Maureen Dowd was off today, the New York Times said at the bottom of a 2014 column. Substituted was “Butter is Back,” by Mark Bittman, the NYT’s food writer. The subject was long overdue, in my opinion, and generally favorable – until near the end. At that point he steered the writing to a more personal theme, pitching his recent book, VB6: Eat Vegan before 6:00 to Lose Weight and Restore Health. The title makes it pretty clear what his confirmation bias is.
On balance, though, I was enormously encouraged, if only because of my own confirmation bias wrt saturated fats.
Bittman acknowledged that “the worm is turning.” The example that this is “increasingly evident” was the meta-analysis he cited from the journal Annals of Internal Medicine that made headlines around the world. The researchers looked at 72 studies and came to this conclusion: “Current evidence does not clearly support cardiovascular guidelines that encourage high consumption of polyunsaturated fatty acids and low consumption of total saturated fats.”
Media writers quickly took note of the “total saturated fat” part of this bifocal conclusion. This may be because 1) the saturated fat message has been ringing in our ears for half a century, and 2) many people have missed their favorite saturated fatty foods. Bittman wrote, “…when you’re looking for a few chunks of pork for a stew, you can resume searching for the best pieces — the ones with the most fat.” And, “…the days of skinless chicken breasts and tubs of I Can’t Believe It’s Not Butter may finally be over.” And, “You can go back to eating butter, if you haven’t already.”
Referring to the scientific findings, Bittman, the guy who personally eschews (before 6PM) animal protein and advocates “eat vegan…to restore health,” now says, “there’s just no evidence to support the notion that saturated fat increases the risk of heart disease. (In fact, there’s some evidence that a lack of saturated fat may be damaging.)” So, a guy can change his mind. Or keep an open mind. In #193, I admired the way Gary Taubes did that in his NYT op-ed.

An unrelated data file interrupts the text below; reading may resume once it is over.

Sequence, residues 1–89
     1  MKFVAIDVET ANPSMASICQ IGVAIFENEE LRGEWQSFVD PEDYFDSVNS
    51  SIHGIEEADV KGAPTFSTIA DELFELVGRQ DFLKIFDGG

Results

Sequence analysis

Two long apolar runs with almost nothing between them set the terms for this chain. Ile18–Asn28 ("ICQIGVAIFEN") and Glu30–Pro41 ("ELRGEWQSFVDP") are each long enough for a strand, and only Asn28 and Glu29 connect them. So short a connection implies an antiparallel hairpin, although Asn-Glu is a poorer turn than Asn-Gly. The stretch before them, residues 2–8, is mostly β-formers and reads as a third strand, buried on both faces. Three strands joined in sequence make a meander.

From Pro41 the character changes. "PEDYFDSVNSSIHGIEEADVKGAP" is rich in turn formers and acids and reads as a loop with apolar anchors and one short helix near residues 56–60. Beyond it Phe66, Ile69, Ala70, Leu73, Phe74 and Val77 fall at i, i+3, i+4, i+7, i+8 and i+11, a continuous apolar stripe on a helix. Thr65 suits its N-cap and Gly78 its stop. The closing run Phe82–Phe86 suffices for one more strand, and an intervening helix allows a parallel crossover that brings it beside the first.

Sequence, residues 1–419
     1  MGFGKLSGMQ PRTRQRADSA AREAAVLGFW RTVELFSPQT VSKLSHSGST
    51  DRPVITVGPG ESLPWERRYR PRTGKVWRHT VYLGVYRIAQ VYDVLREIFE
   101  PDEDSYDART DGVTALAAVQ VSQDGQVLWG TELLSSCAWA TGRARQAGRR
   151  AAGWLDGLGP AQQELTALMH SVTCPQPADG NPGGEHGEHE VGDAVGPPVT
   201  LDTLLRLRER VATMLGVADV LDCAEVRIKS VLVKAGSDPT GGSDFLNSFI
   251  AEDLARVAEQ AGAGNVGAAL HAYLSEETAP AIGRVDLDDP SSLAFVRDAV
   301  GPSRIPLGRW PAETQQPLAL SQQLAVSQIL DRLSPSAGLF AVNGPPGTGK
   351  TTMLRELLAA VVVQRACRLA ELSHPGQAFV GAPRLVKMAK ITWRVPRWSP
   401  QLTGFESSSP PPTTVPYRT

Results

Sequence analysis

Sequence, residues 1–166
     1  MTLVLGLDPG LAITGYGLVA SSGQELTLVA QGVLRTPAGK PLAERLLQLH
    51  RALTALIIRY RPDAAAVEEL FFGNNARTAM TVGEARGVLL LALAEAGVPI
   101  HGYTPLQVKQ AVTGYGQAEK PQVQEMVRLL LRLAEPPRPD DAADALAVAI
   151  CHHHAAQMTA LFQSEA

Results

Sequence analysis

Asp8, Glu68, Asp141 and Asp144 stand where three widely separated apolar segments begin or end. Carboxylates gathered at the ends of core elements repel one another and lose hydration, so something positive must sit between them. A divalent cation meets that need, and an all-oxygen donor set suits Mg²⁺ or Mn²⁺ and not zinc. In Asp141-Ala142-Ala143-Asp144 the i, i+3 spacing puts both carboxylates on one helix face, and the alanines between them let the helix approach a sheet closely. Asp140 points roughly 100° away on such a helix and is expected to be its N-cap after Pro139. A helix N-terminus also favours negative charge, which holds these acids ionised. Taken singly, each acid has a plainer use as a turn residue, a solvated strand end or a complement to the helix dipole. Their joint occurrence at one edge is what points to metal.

But Bittman, on the way to his vegan message, took note of the other, less familiar but just as important conclusion of the Annals piece: “Current evidence does not clearly support cardiovascular guidelines that encourage high consumption of polyunsaturated fatty acids…” Polyunsaturated fats are vegetable (seed) oils, folks. In Bittman’s own words, “...many polyunsaturated fats are chemically extracted oils that may also, in the long run, be shown to be problematic.” Okay, I don’t hedge on this. See #203, “A Brief History of Edible Vegetable (i.e. Seed) Oils,” for my take.
The Annals piece, naturally, prompted a firestorm of controversy. Vested interests fed the fire. A good companion piece to Bittman’s aired on National Public Radio (NPR) a week or so later. The accompanying text article, by Allison Aubrey, is titled “Rethinking Fat: The Case for Adding Some into Your Diet.” Google it. On balance, it’s a good read.
And just before the Bittman op-ed, the magazine Science published an article, “Scientists Fix Errors in Controversial Paper About Saturated Fats. The “errors” reflect a disagreement about whether the evidence is strong enough to advocate eating less saturated fat and substituting instead more polyunsaturated fat, the way the AHA and the Dietary Guidelines for Americans presently advocate. The lead author states that the paper’s conclusions are valid and that the paper was “wrongly interpreted by the media.” Bottom line, as both Bittman and I see it, THE ANNALS OF INTERNAL MEDICINE PIECE EXCULPATES SATURATED FATS AND EXCORIATES POLYUNSATURATED FATS (PUFAs).
In “Butter is Back,” Bittman also takes aim at fake food and extols the virtues of real food. He lashes out at all manner of “highly processed, ‘low-fat’ carbs” like SnackWells. My favorite: “How you could produce fat-free ‘sour cream’ is something to contemplate.” He was an early supporter of the slow food movement and of writers like Michael Pollan, author of “The Omnivore’s Dilemma” and other best sellers. In Retrospective #17, “Michael Pollan: Pied Piper of Pseudo Paleo Prandial Principles,” I take a poke at Pollan in what, I think, is a fun and enlightening read.Please Google and read “Butter is Back.” So long as you are informed and armed for the Vegan end-pitch, it’s an entertaining and informative look at the current state of nutritional science in transition. As Bittman says, “The tip of this iceberg has been visible for years, and we’re finally beginning to see the base.” That’s, indeed, very encouraging.
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